Palm Sunday. Hotel Cartier, Quillan.
My husband and I sat in the hotel breakfast room, people-watching surreptitiously over our coffee and croissants. The only other occupant of the room was a woman in walk-pants, about my age, with a round quirky face and short curly hair. She sat in a booth opposite us, unhurriedly drinking café au lait and thumbing through a glossy magazine. Meanwhile, in the hotel lobby, a fit-looking man of about the same age, in impossibly-short shorts (of the kind only Europeans would wear), woollen socks and solid hiking boots, hoisted a large back-pack onto his shoulders and paced: alternating between coming into the dining room to talk to the woman; checking the roll of topographical maps and guide book he was carrying; and querying the elderly proprietor in the lobby as to the best routes out of town.
It was the first morning of the second half of our walk through the Cathar Castles of the Pyrenees. I have written before about the colourful characters that inhabit the region, and once again we were to find the people on the road every bit as fascinating as the area’s history and scenery. The two French-speakers we’d been watching seemed to be together, yet they were so clearly not marching to the same rhythm!
After our breakfast, we too, got instructions from the hotel proprietor and, leaving the French couple behind, set off on a shortcut to find the sentier Cathare (the Cathar trail). We strode out at a good pace, reaching Ginoles, the first of our Pyrenean villages, ahead of schedule.
From Ginoles, it was all up hill! Literally.
Up a coline de schiste noir, a black oil shale hill, radiating with heat and riddled with loose stones that threatened the safety of our ankles, knees and hips, we played leap-frog with the French couple: over-taking or being over-taken by one or both of them, each time with a polite “Bonjour!”, as we made our way up the seemingly endless hill before entering a pass through the forest and coming out the other side at Coudons.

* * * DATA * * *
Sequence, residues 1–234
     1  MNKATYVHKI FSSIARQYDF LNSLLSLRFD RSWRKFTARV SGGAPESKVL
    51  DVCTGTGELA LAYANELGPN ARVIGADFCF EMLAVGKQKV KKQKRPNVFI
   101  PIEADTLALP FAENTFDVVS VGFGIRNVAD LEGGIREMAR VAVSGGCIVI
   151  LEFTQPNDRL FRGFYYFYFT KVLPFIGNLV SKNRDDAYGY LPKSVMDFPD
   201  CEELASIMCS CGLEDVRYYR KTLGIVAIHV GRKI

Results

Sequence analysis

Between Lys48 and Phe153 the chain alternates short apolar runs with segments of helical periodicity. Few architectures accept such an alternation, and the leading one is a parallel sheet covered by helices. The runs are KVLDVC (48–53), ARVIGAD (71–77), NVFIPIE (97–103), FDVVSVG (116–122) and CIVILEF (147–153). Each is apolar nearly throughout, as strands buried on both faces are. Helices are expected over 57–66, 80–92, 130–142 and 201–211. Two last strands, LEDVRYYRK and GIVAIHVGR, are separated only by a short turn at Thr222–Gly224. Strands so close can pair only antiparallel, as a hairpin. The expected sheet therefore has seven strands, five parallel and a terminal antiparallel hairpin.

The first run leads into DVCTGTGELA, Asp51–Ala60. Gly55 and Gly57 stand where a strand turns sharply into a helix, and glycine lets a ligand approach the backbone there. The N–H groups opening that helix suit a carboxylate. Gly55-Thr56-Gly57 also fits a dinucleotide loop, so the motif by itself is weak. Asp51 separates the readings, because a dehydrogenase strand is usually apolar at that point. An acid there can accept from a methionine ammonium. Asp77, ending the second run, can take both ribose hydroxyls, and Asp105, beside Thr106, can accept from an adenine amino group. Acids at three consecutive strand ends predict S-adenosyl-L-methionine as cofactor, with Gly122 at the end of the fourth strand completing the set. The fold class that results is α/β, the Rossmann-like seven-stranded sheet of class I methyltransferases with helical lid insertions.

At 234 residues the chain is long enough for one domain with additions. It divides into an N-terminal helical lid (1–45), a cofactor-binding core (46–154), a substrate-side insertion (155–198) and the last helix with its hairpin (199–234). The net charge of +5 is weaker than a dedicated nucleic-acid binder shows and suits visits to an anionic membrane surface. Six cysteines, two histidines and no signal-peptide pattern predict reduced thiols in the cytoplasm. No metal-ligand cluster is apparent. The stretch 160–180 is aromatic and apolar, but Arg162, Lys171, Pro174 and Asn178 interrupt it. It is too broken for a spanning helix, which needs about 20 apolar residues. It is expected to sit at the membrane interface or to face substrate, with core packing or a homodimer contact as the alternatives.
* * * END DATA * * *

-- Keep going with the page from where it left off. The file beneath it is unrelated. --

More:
According to our notes, there was a restaurant at Nébias offering regional cuisine (Restaurant Le Thury, 66 Allée Promenade – no internet!). Not withstanding how good our packed picnics had been along the way, we were ridiculously excited by the prospect of eating our lunch in chairs! We sat at a plastic table outdoors in the sun, savouring our main course and salad with wine, and enjoying our coffee with desert.
We walked down from the castle above, following the Troubadours’ Pathway, into the town of Puivert – possibly the most picturesque and charming town we had visited in the Pyrenees – to seek out our accommodation: Le Relais des Marionnettes. Here we got to meet a whole new cast of characters.
Our charming, articulate and rather bohemian hosts, Michel et Françoise Dubrunfaut, moved from Paris to Puivert ten years ago to follow their passion. In a chaotic workshop, crowded with fabrics, papers, paints, and clay body-parts, they create the most amazing marionettes. He moulds, carves and paints the faces and bodies, while she creates the costumes. Although many were caricatures, some were incredibly lifelike. With pride, Michel showed me his rendition of Mstislav Rostropovich, the celebrated cellist and conductor (1927-2007) as he looked, seated on his chair at the foot of the Berlin Wall playing Bach Suites, on the 11th of November 1989 when the Wall came down.
At 7:30 in the evening (the magic hour in the Pyrenees) we were downstairs in the common room, and over drinks (muscat, kir or pastisse) we met the other guests: seven other hikers from different parts of France, on various stages of their passage along the Cathar Trail. Katherine and Renaud, the couple we had been ‘meeting’ all day were from Paris. They, and two women, nurses from the Chamonix region, were walking the same direction as were were, while the other three women were walking the opposite way. Over a superb dinner of vegetable and nettle soup, rattatouille and chicken fettucini, and the best strawberry shortcake I’ve ever eaten, stories of walks across France and around the world bounced around the table (in French, of course) at a rapid rate.
That evening, the characters from the road danced around in my head, like marionettes on strings – each with it’s own own unique personality and story.
‘Till next time: To your health!